Saturday, September 29, 2007

Book Thoughts

How (Not) to Speak of God by Peter Rollins

Sent to me by my friend Bob Carlton and a huge hit in the emergent community. The point is basically this: we cannot truly speak about God and we must speak about God. God is huger, more complex, more loving and encompassing than we can imagine. The ancient Hebrews put their collective finger on it in handing down God's name (YHWH) which is an amalgamation of letters which are unpronouncable because (1) it has no vowels and (2) it is just too holy. When you come across the Name, you read Adonai instead of what it says. But we experience God in our lives, here and now, intimately. We who worship God do not do so because it makes sense intellectually--it doesn't--but because we have felt the presence of the holy in our daily lives. Thus, God is indescribable and completely describable. How to navigate these waters?

Rollins repeats himself quite a bit, reading like he was given a book contract based on a short paper. That said, it's very readable and well-thought out. Plus it has a second section documenting ten emergent services focused on this ambiguity and creating space for complex interpretations of both God and our experience of her. These services took place (continue to take place) in a bar in Ireland in an inclusive and blurry-boundaried community called Ikon. They are a/theists. They are, in a lot of ways, the future of the church.

2 comments:

Angela Roskop Erisman said...

The name YHWH is indeed pronounceable. We're just not sure exactly how. It relates to the Hebrew verb for "to be" and means something like either "he is" or "he causes to be." We don't know exactly how to pronounce it because the people who transmitted biblical manuscripts were pious. In the Dead Sea Scrolls, YHWH often appears written in a different script to highlight its uniqueness. Those who copied manuscripts of the Hebrew Bible added vowels (Dead Sea Scroll manuscripts don't have any), not because there were no vowels, but in order to preserve the pronunciation of a sacred text written in a language that was no longer actively spoken. When they came across the word YHWH, they vocalized it like the word "Lord." That doesn't mean they didn't know how to pronounce it. It's just a sign of their piety.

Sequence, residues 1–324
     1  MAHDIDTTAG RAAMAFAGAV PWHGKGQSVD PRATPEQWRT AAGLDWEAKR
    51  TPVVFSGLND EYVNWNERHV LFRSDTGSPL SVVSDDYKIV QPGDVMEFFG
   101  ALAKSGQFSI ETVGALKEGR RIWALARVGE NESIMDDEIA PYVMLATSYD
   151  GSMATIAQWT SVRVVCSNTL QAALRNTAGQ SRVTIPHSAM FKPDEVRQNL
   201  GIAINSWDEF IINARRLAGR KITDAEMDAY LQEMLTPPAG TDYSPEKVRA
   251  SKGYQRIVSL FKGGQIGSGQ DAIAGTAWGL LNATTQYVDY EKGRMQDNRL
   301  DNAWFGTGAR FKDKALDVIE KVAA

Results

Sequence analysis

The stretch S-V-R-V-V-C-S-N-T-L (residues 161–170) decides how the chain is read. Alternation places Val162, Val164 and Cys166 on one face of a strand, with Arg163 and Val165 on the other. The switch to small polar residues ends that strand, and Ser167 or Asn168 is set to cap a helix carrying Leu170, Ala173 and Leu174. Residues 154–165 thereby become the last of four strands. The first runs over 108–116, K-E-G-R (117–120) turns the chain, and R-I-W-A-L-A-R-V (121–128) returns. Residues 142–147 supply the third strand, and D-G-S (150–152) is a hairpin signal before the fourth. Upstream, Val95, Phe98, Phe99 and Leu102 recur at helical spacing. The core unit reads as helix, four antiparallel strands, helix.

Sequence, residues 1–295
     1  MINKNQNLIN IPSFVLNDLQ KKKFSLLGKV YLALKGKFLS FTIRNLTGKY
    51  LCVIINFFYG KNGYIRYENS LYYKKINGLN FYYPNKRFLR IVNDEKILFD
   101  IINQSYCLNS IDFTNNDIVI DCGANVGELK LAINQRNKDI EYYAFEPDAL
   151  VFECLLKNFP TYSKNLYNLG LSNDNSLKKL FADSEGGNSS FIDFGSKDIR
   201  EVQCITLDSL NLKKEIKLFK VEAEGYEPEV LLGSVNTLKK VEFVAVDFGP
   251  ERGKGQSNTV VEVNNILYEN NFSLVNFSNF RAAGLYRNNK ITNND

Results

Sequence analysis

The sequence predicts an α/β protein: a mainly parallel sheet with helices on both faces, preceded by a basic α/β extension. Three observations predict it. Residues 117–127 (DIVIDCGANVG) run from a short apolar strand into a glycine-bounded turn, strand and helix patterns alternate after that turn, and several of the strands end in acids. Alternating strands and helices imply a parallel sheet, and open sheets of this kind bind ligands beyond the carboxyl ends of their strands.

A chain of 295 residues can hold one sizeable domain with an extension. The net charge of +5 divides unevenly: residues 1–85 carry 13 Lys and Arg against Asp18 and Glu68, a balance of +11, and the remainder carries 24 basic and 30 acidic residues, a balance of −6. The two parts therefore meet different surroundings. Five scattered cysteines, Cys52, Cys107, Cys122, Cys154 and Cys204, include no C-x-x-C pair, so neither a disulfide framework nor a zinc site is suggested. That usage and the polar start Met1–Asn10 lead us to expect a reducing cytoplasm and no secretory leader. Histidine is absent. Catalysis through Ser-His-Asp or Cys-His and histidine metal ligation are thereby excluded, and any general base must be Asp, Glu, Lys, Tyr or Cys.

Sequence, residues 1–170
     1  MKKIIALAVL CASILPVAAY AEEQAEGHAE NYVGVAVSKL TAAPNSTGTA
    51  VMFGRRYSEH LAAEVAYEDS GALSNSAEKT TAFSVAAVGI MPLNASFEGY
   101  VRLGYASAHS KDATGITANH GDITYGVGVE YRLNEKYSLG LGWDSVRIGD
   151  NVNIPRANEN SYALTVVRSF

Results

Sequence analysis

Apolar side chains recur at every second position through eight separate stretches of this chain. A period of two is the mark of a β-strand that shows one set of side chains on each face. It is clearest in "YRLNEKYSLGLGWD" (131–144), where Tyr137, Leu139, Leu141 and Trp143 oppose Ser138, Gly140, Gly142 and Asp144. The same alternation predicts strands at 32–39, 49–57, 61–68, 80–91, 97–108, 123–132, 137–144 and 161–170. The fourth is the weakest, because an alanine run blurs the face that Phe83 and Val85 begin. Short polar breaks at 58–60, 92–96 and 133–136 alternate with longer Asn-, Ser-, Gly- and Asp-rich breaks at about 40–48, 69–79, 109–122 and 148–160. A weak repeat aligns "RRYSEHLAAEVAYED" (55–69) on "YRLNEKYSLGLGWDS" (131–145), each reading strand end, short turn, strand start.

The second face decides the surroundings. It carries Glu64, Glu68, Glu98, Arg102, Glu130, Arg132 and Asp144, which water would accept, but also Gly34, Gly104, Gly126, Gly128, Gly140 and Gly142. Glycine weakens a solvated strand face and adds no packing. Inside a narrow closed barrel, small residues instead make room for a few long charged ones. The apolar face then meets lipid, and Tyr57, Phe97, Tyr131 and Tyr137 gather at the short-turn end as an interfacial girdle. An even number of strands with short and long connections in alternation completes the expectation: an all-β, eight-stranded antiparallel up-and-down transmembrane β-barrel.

aliceatredeemer said...

Good point, Angie! I recall my Hebrew professor saying that they put in the vowels from "adonai" but that doesn't seem to work. Regardless, the name as written is, you might say, spiritually unpronouncable. This is the one name of God, the one God gave God-self, that we don't say. In our human striving for more and our desire to posess everything, this is one thing we cannot have. Would you agree?